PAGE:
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DJs Beware: Dubspot Ripping Off Students, Not Paying Teachers?

One of the long-standing online DJ and production schools, Dubspot, is being accused by former students of never providing classes, but taking potential students’ money nonetheless. As reported first on Thump, students are claiming that the school swindled them out of their money. Keep reading for insight from reviews, former teachers, and more.

Here’s what Thump’s report notes:

Former students and teachers […] have accused its CEO Dan Giove of fraudulent activities and erratic behavior […] over 55 students alleged that the school did not deliver the classes which they had paid for upfront, and in some cases have not issued refunds.

[…] students complained of poor communication on the part of the school’s staff, and classes being rescheduled multiple times. Students also said that when they did manage to go to a class, there was often no instructor present because they themselves had not been paid their teacher’s fee and refused to teach.

Dubspot has been having these issues for a number of years – including this December 2015 report of a instructor quitting and Dubspot taking no action:

Dubspot’s In-Person Schools Shuttering

Originally Dubspot had two in-person schools (one in Manhattan, and the other in Los Angeles), but both of them have very quietly shuttered. The school in Los Angeles was the subject of multiple citations from the Bureau for Private Postsecondary Education here in California. The most recent citation in July of 2016 was for operating without approval to provide postsecondary education services – and the citation assessed a steep fine of $50,000:

An order of abatement by the State of California

And based on a Reddit thread from March, the NYC school also kept getting shut down by city officials:

From The Perspective of Former Teachers

We did a bit more digging around Dubspot to find out what various former teachers associated with the school had to say – but didn’t have to go much further than the most recent Glassdoor reviews to see similar tales of woe:

Our Own Dubspot Experience

In the interest of being transparent about DJTT’s advertising relationships, I thought it would be pertinent to note that Dubspot purchased advertising on DJ Techtools many years ago. When I went back to look at when exactly it was (2013), I found out that amusingly, they actually still owe us a significant amount of money in unpaid invoices.

We hope that the team still running Dubspot can make things right – and pay all backowed money for untaught classes and teachers – but at this point, it seems like legal action is the path that most students are taking, according to Thump:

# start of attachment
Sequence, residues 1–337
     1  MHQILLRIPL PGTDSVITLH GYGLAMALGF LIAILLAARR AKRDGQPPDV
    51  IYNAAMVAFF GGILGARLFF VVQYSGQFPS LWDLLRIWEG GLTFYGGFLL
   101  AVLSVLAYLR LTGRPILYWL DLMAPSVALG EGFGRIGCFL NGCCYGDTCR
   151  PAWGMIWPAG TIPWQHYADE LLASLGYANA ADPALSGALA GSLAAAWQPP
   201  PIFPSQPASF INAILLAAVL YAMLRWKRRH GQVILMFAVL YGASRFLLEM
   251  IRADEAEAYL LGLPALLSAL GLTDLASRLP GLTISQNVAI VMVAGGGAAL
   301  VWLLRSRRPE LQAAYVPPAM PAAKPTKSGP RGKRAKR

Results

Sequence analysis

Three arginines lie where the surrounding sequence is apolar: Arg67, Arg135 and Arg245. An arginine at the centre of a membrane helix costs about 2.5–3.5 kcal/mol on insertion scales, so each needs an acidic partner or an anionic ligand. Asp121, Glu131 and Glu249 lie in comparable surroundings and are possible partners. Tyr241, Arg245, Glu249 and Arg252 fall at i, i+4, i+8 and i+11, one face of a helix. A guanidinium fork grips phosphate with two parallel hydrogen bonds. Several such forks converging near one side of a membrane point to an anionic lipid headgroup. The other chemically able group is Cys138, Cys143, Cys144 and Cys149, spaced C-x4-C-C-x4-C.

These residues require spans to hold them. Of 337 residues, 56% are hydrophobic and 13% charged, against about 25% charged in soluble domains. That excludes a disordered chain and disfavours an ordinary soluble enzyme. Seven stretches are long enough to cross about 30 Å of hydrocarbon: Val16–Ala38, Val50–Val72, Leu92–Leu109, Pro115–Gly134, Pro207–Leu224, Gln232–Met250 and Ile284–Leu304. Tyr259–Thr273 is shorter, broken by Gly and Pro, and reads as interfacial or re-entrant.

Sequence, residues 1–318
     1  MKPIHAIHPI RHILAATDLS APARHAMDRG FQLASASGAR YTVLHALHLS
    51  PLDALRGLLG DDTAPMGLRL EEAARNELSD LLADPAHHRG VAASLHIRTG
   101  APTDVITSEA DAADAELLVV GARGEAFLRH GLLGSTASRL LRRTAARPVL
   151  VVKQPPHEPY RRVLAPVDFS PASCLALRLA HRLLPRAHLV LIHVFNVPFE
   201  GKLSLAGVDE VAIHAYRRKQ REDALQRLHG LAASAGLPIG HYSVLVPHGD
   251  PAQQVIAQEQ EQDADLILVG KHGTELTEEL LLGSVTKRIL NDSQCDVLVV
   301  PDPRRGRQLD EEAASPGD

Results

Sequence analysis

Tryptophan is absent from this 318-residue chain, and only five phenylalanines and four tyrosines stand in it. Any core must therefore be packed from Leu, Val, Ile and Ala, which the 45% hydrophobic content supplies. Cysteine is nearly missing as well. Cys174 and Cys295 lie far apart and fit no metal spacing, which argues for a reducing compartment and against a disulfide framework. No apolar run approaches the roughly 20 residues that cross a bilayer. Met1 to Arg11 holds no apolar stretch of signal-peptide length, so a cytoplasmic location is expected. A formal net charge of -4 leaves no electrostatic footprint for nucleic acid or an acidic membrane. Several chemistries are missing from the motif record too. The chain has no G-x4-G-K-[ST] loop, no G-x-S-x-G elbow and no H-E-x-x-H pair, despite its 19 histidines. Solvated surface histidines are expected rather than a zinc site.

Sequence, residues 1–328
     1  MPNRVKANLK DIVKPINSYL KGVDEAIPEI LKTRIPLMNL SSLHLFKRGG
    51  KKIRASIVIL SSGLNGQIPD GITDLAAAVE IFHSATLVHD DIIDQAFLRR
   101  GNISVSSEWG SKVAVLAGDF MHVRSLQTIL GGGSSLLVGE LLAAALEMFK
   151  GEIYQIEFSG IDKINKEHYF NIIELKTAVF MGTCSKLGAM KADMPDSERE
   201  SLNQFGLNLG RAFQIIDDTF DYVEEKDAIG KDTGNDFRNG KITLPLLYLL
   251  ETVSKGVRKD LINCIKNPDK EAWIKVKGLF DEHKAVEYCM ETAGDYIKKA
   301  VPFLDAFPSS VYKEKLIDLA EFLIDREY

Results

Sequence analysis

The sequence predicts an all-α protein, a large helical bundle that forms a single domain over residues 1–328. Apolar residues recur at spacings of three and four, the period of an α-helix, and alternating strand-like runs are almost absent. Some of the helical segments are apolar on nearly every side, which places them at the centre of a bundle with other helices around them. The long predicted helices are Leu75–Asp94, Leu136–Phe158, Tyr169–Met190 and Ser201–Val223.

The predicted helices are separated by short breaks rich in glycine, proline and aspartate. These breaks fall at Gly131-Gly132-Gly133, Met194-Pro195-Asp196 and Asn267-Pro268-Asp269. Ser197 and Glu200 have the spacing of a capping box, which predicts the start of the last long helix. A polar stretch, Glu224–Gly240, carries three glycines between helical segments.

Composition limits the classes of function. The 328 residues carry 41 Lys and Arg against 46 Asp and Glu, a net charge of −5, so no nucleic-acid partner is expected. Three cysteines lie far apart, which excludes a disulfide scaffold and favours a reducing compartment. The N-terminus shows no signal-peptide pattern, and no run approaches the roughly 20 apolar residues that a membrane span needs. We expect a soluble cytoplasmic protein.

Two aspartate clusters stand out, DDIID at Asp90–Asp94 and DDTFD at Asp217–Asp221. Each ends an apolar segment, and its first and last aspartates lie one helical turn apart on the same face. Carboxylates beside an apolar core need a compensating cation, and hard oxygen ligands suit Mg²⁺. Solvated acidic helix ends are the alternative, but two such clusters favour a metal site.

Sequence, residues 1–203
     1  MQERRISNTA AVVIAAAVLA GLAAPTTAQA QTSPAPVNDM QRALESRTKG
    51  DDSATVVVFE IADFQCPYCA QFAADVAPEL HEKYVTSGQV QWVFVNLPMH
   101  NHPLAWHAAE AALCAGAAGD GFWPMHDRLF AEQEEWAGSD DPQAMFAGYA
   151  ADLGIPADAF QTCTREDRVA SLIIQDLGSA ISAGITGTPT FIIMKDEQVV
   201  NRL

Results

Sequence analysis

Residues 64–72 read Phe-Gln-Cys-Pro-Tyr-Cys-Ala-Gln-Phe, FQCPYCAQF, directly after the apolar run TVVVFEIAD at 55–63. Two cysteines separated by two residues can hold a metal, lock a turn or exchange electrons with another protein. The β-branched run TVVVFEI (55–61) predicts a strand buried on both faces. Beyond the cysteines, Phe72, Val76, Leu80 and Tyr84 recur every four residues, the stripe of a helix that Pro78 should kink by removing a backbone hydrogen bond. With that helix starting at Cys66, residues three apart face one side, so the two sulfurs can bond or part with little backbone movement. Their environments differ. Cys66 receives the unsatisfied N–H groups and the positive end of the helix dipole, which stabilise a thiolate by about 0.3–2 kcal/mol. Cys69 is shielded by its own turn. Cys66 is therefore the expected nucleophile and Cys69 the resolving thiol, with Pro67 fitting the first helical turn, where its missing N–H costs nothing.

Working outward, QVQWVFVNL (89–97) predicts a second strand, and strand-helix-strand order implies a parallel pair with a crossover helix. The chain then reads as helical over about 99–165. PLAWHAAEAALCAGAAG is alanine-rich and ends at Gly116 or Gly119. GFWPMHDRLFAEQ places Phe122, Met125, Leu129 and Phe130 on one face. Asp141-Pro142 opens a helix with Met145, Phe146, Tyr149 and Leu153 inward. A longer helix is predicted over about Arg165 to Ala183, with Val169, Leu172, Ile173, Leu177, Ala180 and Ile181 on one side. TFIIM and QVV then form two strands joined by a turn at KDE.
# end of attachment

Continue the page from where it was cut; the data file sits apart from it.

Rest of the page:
Dubspot, which was founded in 2006 by Giove, is also currently the subject of ongoing legal action by students and staff who have taken their cases to court for amounts ranging from $150 to $10,000.

While some students have already won their cases in the courts, most of the students THUMP spoke with said they have yet to receive a response from staff regarding their refunds.

Have your own issues or stories about Dubspot? Share in the comments below. 

  • J. Anthony Allen

    Have you guys seen this? Slam Academy is offering 50% off to former Dubspot students for their online programs. Slam is totally legit, and has a lot of former DS faculty. They actually get paid at Slam, though.
    Look under “Competitive Upgrade” at this link:
    https://www.slamacademy.com/scholarships/

  • Chris Lutton

    This happened to me, my instructor James Patrick hadn’t been paid in months and quit right in the middle of our Sound Design course. Fortunately, I was one of the first ones to come forward about the issue, almost 2 years ago and was given a refund after months of requests, and threatening legal action.

    • Wyatt Schmidt

      I think I took one of the last full courses he gave. Great teacher.

      • Chris Lutton

        Yeah, I was in his Ableton course too and loved it. His style of teaching just fit me and my personality. To anyone looking for a replacement course with James Patrick, he is the owner/operator/instructor at Slam Academy, available online and in class in MN.